Three New Payment Card Skimmers Found For WooCommerce Installations


Web admins overseeing retail sites using the WooCommerce platform need to watch out for new payment card skimmers that hackers embed into payment pages.

The warning comes from the security company RiskIQ, who said this week that they found three new skimmers targeting e-merchants using the WooCommerce plugin for WordPress. He quoted search by Barn2, a software company specializing in WordPress and WooCommerce products, claiming that WooCommerce accounts for 29% of the first million sites using e-commerce technologies, surpassing 5 million active installations of the free plugin at the start of 2021.

RiskIQ describes the three new pieces of malicious code as

The WooTheme Skimmer

This was detected in five areas using a compromised WooCommerce theme. It is “relatively simplistic and makes its functionality reasonably easy to understand.”

Operators masked the skimming code in all iterations discovered except one. However, this instance appears to be an error, as RiskIQ detected the obscured skimmer on the same compromised domain before the clear text version appeared.

A separate researcher discovered this same skimmer in July, showing similar results from an exfil domain in the theme’s function.php file and the identical destination in the query.slim.js file.

The Selective Skimmer

Generic skimmers are used repeatedly on the same infrastructure, even by different threat actors, who add unique elements to the skimmer for their specific needs. For RiskIQ, a minor change in a skimmer made it possible to describe it as new. In this case, it is a misspelling of the word “select” in the script. This is also why researchers call it the “Slect” skimmer.

Once the DOM content is fully loaded, the Slect skimmer does two things. It will look for a series of form fields that the skimmer does not want to extract data from, such as open text fields, passwords, and checkboxes. Next, an event listener listens for a click of a button, which may escape the sandboxing of security researchers.

The exfil domain found in the skimmer has already been associated with other Magecart infrastructures and identified by RiskIQ research Jordan Herman as being used by a variant of the Grelos skimmer.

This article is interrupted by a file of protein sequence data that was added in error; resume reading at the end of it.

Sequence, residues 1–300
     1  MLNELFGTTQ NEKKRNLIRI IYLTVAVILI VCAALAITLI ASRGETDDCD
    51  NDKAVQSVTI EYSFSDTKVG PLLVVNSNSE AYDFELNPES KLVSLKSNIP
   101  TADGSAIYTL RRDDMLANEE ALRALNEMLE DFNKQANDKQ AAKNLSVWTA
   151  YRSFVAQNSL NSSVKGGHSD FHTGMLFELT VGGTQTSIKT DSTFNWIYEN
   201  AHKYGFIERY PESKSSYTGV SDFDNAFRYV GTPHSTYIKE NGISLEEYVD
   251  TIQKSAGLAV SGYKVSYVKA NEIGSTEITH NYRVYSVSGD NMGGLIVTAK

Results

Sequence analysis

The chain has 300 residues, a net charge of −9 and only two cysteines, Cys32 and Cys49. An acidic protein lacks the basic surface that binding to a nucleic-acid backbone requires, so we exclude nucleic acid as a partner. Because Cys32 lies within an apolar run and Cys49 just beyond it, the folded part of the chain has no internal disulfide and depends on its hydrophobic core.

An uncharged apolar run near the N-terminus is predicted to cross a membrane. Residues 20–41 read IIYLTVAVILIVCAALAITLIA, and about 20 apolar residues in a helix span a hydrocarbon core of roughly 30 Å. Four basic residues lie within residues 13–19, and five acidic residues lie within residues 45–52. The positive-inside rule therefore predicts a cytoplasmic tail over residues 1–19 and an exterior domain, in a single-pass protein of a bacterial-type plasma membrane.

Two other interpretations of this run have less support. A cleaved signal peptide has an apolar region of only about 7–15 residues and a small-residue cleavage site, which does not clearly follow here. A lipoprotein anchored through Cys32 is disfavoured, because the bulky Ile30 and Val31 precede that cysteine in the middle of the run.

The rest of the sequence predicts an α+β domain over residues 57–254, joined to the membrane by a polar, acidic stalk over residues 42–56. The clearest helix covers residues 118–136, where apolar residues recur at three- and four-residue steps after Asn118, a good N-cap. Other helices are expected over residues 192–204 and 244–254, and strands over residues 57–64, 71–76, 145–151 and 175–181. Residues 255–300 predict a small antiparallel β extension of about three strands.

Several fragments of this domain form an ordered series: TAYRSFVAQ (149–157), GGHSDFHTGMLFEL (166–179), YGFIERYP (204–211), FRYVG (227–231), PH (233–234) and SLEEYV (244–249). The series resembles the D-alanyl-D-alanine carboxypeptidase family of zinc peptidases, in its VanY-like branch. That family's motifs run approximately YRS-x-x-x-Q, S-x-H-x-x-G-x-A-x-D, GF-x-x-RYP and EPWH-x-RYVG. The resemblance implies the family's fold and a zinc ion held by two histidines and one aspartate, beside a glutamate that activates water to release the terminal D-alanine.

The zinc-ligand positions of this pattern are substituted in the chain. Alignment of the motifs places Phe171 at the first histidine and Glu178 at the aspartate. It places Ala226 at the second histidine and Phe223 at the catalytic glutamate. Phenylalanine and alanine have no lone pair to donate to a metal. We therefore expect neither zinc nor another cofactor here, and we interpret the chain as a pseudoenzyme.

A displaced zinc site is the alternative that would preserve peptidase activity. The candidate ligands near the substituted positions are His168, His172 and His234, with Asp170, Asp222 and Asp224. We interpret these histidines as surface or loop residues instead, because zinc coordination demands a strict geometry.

–The bridge skimmer

RiskIQ says this one added multiple layers and steps by the actor to hide and obscure processes. The skimmer code is “massive and hard to digest while being obscured and performs a few unique functions seen in other skimmers.” During the various iterations of this skimmer, the words “gate” and “gateway” in the .php and .js files, hence its name.

After removing the obfuscation in the legitimate code from this skimmer, RiskIQ researchers have found a skimmer it has been detecting since 2019. This skimmer even exfiltrates personal and credit card data in the same c2 domain as this familiar skimmer. . “Interestingly,” the report adds, “this WooCommerce version of the Gateway Skimmer is specifically looking for a Firebug web browser extension (long discontinued in 2017).”

As to how the sites were compromised, RiskIQ said ChannelDailyNews.com he believes there are weaknesses in compromised customers’ use of poorly controlled WooCommerce themes and unaudited third-party code. “This is explicitly true in the WooTheme skimmer, as we can see that the card skimmer is embedded in a malicious theme file, and the Slect and Gateway skimmers are both obscured and stuck in legitimate payment javascript.”

Beyond having robust detections for malware, website operations should regularly inspect their crontab commands for strange content, make sure the access permissions are correct, and audit file access.

Author: Howard Solomon

Currently a freelance writer, I am the former editor-in-chief of ITWorldCanada.com and Computing Canada. An IT journalist since 1997, I have written for several ITWC sister publications including ITBusiness.ca and Computer Dealer News. Prior to that, I was a reporter for the Calgary Herald and the Brampton (Ont.) Daily Times. I can be contacted at hsolomon [@] soloreporter.com


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